One of the main objectives of Space Traffic Management is the Just-in-Time Collision Avoidance (JCA) between space objects. Collision avoidance manoeuver is a common practice when at least one maneuvering satellite is involved. But unfortunately, among the 20,000 objects currently in the public catalog, only 1,500 are maneuverable, the others being incapable to perform a collision avoidance maneuver. When two non-maneuverable debris are in a collision course, even if detected, there are currently no operational means for avoiding the collision.
This is the reason why, in addition to long-term actions such as debris removal and debris mitigation, it is fundamental to prepare to avoid these detectable collisions between non-maneuverable objects. Several solutions are envisaged, among which the Space Blower is foreseen to act when both objects are large space debris, such as rocket bodies or defunct satellites. The Space Blower is a system composed of a sounding rocket (sub-orbital trajectory) launched from a jet plane and equipped with a device that injects a cloud of particles (also sub-orbital) in the trajectory of one of the objects. These particles are small enough so that, when passing through the cloud, the object is not damaged and no extra debris is created. On the other hand, this cloud will be dense enough so that the drag experienced induces a small delta-V (several cm/s). This slowdown modifies the trajectory of the object, which in turn, after several drifting orbital revolutions, avoids the other object.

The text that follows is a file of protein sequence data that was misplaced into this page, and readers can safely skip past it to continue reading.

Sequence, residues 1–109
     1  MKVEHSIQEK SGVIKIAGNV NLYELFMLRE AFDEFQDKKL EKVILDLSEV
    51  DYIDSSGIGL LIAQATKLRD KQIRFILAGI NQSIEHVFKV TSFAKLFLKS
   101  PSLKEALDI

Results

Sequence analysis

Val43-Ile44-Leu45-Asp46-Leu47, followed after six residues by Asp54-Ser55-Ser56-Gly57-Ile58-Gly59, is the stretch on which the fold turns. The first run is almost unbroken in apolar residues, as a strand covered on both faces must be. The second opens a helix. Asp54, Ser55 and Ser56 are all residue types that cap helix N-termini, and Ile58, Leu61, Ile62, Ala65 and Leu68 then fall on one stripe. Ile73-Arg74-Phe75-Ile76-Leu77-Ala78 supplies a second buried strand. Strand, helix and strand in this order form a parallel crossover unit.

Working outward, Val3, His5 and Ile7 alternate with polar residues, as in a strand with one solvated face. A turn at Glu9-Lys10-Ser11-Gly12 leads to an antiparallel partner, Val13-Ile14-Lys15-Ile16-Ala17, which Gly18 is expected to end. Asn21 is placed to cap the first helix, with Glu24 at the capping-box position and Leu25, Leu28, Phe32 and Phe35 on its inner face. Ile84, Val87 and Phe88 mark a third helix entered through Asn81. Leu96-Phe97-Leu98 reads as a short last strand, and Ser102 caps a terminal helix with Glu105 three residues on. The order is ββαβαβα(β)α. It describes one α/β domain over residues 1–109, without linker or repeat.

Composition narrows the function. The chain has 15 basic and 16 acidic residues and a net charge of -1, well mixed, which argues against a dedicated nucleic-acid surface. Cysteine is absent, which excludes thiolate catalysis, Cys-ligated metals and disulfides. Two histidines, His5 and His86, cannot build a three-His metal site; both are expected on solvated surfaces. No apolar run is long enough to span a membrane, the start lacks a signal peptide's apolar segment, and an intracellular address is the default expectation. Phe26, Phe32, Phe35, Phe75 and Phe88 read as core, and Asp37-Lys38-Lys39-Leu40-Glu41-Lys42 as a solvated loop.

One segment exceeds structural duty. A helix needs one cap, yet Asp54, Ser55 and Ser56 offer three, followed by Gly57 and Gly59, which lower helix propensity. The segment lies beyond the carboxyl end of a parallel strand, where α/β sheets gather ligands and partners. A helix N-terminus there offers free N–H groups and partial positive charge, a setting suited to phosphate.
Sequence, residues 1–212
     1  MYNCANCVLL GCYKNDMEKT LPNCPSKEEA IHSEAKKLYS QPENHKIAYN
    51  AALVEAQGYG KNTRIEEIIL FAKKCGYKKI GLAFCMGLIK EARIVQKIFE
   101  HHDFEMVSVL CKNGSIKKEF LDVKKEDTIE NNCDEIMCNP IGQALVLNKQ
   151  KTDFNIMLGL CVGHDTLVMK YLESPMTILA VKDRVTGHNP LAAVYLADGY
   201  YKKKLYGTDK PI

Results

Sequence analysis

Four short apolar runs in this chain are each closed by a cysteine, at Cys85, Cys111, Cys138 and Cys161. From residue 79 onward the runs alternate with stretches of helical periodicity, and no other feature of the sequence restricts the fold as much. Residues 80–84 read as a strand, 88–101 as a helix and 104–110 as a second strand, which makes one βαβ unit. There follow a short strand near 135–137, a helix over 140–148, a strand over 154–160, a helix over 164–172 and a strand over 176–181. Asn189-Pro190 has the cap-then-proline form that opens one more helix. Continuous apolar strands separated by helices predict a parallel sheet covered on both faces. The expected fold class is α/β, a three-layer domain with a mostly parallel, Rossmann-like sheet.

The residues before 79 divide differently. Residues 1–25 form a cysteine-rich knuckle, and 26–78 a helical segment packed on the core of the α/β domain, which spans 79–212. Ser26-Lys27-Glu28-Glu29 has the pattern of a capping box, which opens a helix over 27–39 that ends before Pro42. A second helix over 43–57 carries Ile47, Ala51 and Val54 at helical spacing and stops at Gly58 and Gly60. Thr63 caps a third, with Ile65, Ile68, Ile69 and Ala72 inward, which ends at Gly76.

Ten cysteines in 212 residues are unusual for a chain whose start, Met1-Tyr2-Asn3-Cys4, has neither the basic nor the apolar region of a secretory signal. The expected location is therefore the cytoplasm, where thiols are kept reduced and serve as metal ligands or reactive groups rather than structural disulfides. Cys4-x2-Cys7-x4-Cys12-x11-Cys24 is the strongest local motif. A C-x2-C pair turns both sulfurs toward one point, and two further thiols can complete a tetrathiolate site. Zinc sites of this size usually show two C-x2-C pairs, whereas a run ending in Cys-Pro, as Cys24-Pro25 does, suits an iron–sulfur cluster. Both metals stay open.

The feasibility of the concept has been demonstrated by previous studies and this paper presents how it could be operated and implemented within the larger scope of Space Traffic Management, with respect to the current technical and organizational limitations.
Indeed, there are several limitations for implementing such JCA mission, the major one being the relatively low accuracy of the orbit characterization of space objects. Indeed, the accuracy of the current space tracking solutions prevents from deploying in-orbit JCA missions due to the large uncertainty of the orbital prediction and therefore the high number of conjunction alerts among which most of them are false alerts. As the JCA mission needs to be deployed 24 hours before the collision date, the predictions for 24 hours need to be robust enough to avoid the deployment of unnecessary JCA missions.
The paper presents the sequence of events from collision risk detection to debris trajectory modification by the system and its effect on the collision risk. This description includes the sizing of the Space Blower system, including the required number of ground bases, the range of the airlaunch, the rocket design, the concept of the ejector system and the mass and size of particles ejected. This sizing reflects on the observation accuracy limitations. A system approach has been used to define the observation accuracy requirements for such a concept and is presented in this paper.
This paper also elaborates on the need for an international organization responsible for space traffic management, including debris trajectory characterization, collision risk assessment and operational risk reduction using different solutions including the Space Blower. More specifically the operational use of the Space Blower within this organization is described. Eventually, a roadmap is given for the development of this Just-in-time Collision Avoidance service.